Tuesday 16 July, 2019

Bonaire gov't monitors tar along east coast

Cleanup efforts taking place on Bonaire's eastern coastlines following the damage of the thick crude oil/tar on flora and fauna

Cleanup efforts taking place on Bonaire's eastern coastlines following the damage of the thick crude oil/tar on flora and fauna

The Bonaire Government has begun aerial monitoring to determine the location of oil drifting in the sea, reportedly from an April 23 leak of a bunker fuel tanker at Trinidad and Tobago’s State-owned oil company, Petrotrin.

According to T&T’s Energy and Energy Industries Ministry, an estimated 300 barrels or 200,000 barrels escaped into the marine system, reaching the shores of Venezuela, and now Bonaire.

Clean up efforts have begun to remove oil clumps that have thickened, becoming tar, which polluted coastal areas Sorobon and the Willemstoren, east of Bonaire.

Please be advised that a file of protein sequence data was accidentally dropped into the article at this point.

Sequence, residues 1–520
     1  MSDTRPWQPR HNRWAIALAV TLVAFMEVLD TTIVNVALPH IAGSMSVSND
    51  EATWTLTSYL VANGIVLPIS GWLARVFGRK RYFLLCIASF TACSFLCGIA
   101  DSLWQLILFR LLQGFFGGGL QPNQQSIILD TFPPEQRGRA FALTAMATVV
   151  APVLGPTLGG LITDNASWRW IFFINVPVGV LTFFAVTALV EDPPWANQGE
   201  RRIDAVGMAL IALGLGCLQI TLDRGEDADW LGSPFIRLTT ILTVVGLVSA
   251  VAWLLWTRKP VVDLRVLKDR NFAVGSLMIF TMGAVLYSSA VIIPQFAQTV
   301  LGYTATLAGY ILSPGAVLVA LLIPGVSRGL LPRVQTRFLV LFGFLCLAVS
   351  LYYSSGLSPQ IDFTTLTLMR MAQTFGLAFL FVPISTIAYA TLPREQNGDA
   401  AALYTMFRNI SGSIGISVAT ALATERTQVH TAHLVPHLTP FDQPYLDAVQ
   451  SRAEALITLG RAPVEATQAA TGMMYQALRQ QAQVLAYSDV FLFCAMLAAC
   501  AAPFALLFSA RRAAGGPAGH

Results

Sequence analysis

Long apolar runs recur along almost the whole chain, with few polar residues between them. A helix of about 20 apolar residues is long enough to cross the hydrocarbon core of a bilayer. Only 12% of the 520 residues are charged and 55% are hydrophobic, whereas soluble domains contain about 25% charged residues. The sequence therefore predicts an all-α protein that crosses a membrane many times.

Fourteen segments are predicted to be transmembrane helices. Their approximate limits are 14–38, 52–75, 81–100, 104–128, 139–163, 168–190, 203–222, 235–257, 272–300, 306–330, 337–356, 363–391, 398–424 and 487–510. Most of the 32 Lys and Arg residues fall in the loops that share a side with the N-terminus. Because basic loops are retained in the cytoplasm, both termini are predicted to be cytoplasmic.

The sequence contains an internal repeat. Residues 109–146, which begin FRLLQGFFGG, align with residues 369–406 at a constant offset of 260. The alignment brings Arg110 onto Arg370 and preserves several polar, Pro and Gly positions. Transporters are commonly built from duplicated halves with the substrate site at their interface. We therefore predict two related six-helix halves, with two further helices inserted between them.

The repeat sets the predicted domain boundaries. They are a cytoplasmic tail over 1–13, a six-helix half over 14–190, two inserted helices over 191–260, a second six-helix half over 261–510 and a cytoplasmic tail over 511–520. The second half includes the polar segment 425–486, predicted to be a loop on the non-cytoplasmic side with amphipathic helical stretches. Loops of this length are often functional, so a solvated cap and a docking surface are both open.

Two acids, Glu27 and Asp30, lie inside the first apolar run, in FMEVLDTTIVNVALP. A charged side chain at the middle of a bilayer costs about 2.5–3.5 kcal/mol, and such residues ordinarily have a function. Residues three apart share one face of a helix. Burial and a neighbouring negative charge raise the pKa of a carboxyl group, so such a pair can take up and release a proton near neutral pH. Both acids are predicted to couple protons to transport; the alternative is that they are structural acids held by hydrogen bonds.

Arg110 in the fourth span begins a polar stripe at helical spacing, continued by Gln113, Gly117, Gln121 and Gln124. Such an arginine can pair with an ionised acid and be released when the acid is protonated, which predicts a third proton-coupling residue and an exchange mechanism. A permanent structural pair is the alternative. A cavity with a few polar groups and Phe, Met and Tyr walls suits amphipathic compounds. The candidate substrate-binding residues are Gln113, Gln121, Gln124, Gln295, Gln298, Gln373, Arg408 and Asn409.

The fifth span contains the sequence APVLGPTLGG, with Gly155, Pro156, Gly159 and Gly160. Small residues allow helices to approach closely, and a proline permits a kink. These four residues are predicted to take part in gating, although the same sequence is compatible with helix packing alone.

Curacao and Aruba and representatives of the Dutch ministry for Infrastructure & Environment (Infrastructuur & Milieu or I&M) have collaborated to deal with the environmental disaster and are expecting more oil clumps to wash ashore.

T&T conservation group Fishermen and Friends of the Sea (FFOS) said the impacts of the ruptured tank on April 23 are worsening.

“The salt in the sea water has turned most of the oil into tar, so that it cannot easily be detected by air. It will be difficult to determine if more oil is indeed on its way to Bonaire.”

The group said it has reason to believe the 300 barrels which escaped from the ruptured tank is underestimated.

“It could be as much as 138,000 barrels of fuel oil which have escaped and flowed with the tidal currents towards islands north of Venezuela in the Caribbean Sea. Several coastal communities have already been heavily impacted.”

The group is urging its country’s government to alert neighboring countries.

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